This was the right guy.
Ultimately, there’s a “go with your gut” element. Good bedside manner won’t ensure a satisfying result if the talent or the expertise are missing… but neither will talent or expertise alone. Find someone with all those qualities. You’ll have your implants for a long time… and any attendant scarring potentially forever… so it’s worth spending months (or more) to find the right surgeon, rather than pick someone iffy just to “hurry up and get it done.”
Truly, you’ll be happier knowing you didn’t rush this.
Being Informed about Implant Technicalities
Breast surgeries differ in a thousand ways. There are different places to make incisions, different planes on which implants can be inserted (over the muscle, under the muscle, or a combination), different “profiles” of implant (this effectively refers to how far they stick out from your chest vs. how broadly they spread out against the chest wall), different types of implant material and fill, and even factors like whether you might need pre-implant expanders or adjustable implants (i.e., implants with a port that allows for size-adjustment injections, before being permanently sealed months later).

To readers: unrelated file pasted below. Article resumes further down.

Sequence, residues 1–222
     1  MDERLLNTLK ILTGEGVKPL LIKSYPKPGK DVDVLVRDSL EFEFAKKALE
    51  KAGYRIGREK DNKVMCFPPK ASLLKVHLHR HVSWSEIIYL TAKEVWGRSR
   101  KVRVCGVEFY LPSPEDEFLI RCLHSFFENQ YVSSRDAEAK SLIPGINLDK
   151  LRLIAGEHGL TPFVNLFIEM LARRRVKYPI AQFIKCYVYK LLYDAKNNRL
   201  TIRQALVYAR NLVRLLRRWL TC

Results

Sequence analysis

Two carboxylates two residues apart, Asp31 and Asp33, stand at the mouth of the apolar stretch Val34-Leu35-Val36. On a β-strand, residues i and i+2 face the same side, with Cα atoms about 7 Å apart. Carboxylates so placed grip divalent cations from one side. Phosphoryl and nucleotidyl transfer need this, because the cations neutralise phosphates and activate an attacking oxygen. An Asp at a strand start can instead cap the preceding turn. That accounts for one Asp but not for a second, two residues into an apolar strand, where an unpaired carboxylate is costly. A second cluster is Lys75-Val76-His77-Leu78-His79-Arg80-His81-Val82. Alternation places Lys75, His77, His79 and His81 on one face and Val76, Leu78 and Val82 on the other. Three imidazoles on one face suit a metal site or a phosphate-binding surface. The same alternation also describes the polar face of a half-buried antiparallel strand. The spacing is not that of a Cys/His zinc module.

You should read about all of these factors before you visit any surgeons, so that you can be prepared to discuss them and so that the details won’t go over your head during the consultations. You should also browse photos of different implant types, incision types, and placements, in order to get a sense of what fits your aesthetic. (There are lifestyle considerations, too — do you powerlift? do you intend to have a child in the next couple years? — but we’ll get to those later.)